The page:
The Gambia Press Union (GPU) second-in-command, Mustapha K. Darboe, has decried the ongoing deterioration of relationship between the media and gov’t. He said taking a hard line on the media has the potential of attracting bad publicity for government.
“This has attracted a lot negative international attention for gov’t,” Darboe deplored in an exclusive interview with this medium.
The proprietor of the Brikama-based Home Digital FM, Pa Modou Bojang, was released on January 28 along with King FM top executive Gibbi S. Jallow and DJs Madiou Jallow and Ebrima. Both radio stations are still shutdown as the journalists face a single of incitement to violence.
While welcoming the move taken by Gambian authorities to release the four media practitioners, GPU Vice-president seized the opportunity to remind gov’t about the huge progress made these past three years. He then cited the recent Reporters Without Borders (RWB) Press Freedom Index where the tiny West African nation improved its record by gaining 21 places.
“We’ve done that because the democratic space has expanded, and a lot of positive things have happened,” he said. But he was quick to add the disappointing twist in the relationship does not augur well for the country as far as its human rights record is concerned.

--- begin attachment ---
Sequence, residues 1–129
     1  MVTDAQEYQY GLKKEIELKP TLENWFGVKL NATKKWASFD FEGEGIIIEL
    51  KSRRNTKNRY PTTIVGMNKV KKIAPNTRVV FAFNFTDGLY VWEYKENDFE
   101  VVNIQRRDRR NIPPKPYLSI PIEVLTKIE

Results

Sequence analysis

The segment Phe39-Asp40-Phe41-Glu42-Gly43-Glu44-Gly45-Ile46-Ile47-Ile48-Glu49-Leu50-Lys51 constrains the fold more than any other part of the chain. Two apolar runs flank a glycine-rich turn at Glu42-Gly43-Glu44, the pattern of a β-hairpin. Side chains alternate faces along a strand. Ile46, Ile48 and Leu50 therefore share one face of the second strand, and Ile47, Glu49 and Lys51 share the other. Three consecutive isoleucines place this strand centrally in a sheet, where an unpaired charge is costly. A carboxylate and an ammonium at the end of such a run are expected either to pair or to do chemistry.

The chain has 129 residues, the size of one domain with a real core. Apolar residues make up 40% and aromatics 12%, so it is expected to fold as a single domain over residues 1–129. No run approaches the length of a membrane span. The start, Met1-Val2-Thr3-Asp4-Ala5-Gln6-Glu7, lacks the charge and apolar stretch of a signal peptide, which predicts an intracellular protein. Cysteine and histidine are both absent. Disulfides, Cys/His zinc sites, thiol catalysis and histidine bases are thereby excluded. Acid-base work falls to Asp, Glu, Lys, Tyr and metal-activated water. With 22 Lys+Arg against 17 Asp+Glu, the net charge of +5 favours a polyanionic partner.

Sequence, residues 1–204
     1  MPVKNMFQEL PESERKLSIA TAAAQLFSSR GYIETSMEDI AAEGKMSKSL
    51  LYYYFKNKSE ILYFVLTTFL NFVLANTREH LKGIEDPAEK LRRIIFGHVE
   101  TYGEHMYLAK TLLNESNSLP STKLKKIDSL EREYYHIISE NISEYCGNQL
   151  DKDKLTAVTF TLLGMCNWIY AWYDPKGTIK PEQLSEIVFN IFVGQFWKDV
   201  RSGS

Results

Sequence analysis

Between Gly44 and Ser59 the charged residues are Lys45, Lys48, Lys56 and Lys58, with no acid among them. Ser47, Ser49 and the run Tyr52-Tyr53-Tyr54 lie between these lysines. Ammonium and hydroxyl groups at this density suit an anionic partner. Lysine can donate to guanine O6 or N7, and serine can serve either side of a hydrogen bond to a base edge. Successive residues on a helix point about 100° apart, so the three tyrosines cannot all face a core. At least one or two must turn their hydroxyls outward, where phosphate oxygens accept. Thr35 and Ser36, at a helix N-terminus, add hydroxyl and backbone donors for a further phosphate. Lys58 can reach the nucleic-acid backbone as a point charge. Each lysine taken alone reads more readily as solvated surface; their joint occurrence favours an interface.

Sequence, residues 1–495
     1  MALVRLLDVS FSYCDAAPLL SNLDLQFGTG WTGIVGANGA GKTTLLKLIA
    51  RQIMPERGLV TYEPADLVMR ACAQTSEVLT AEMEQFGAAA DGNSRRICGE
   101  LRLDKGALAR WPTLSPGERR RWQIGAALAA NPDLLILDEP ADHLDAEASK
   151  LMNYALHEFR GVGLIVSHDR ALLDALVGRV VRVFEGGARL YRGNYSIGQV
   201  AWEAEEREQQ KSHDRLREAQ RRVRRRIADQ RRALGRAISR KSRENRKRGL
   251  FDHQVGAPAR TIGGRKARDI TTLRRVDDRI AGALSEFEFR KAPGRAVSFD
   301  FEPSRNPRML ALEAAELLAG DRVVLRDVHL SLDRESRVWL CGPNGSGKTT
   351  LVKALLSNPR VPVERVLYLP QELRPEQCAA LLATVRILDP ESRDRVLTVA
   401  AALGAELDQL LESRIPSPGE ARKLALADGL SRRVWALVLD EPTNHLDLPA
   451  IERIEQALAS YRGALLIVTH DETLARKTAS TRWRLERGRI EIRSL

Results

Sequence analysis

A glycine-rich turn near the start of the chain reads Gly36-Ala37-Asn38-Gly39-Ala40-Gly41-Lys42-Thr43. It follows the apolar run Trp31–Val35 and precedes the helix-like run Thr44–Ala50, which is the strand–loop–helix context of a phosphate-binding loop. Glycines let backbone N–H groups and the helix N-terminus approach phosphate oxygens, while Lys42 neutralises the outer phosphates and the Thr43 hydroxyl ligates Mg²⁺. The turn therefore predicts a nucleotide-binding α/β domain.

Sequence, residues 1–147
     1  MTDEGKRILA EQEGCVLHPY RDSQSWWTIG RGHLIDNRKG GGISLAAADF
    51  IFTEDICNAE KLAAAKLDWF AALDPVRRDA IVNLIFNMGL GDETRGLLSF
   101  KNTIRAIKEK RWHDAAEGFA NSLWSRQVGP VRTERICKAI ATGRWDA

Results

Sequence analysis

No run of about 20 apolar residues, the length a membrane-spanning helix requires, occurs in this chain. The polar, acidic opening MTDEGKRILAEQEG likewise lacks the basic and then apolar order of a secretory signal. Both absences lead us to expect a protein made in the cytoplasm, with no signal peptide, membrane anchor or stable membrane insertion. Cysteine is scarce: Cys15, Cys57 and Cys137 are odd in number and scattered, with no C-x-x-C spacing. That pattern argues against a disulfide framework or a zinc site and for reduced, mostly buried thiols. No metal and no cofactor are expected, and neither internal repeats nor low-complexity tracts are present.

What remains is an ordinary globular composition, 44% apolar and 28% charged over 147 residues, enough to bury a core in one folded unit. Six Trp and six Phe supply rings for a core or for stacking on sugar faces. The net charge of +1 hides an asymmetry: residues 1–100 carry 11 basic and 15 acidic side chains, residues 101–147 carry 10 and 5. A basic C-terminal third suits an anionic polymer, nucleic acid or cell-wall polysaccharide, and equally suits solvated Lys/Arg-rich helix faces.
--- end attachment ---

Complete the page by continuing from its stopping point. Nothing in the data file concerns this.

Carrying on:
Darboe further stated that there is a lot of work that needs to be done in the security sector, condemning the behaviour of some members of the security forces who are acting in a rogue way.
“There was one security personnel who wanted to attack GPU President Sheriff Bojang Jr. at Bundung Police Station,” he indicated. “His own colleagues have to intervene and stopped him.”
Weighing in on the closure of Home Digital FM and King FM, the press union top official said security forces mounting a crackdown on media houses is something reminiscent of the dark days the media went through under the previous regime.
“This is reminiscent of the dictatorship!” he exclaimed. “This shows how much power unchecked can do.”
We were saying, he went on, this cannot happen to our democracy. “We know now that this can happen,” he said.
Darboe called on the authorities to lift any restrictive measure imposed on two news outlets.
Meanwhile, as Gambia joined the international community to commemorate World Radio Day, the Committee to Protect Journalists (CPJ) has welcomed call for targeted sanctions to be leveled against press freedom violators.
“[W]e need governments to take action, not just make rhetorical pledges. That is why CPJ endorsed a report on the use of targeted sanctions to protect journalists,” reads a news release issued today by the media watchdog and which was seen by this medium.
Written by Abdoulie John
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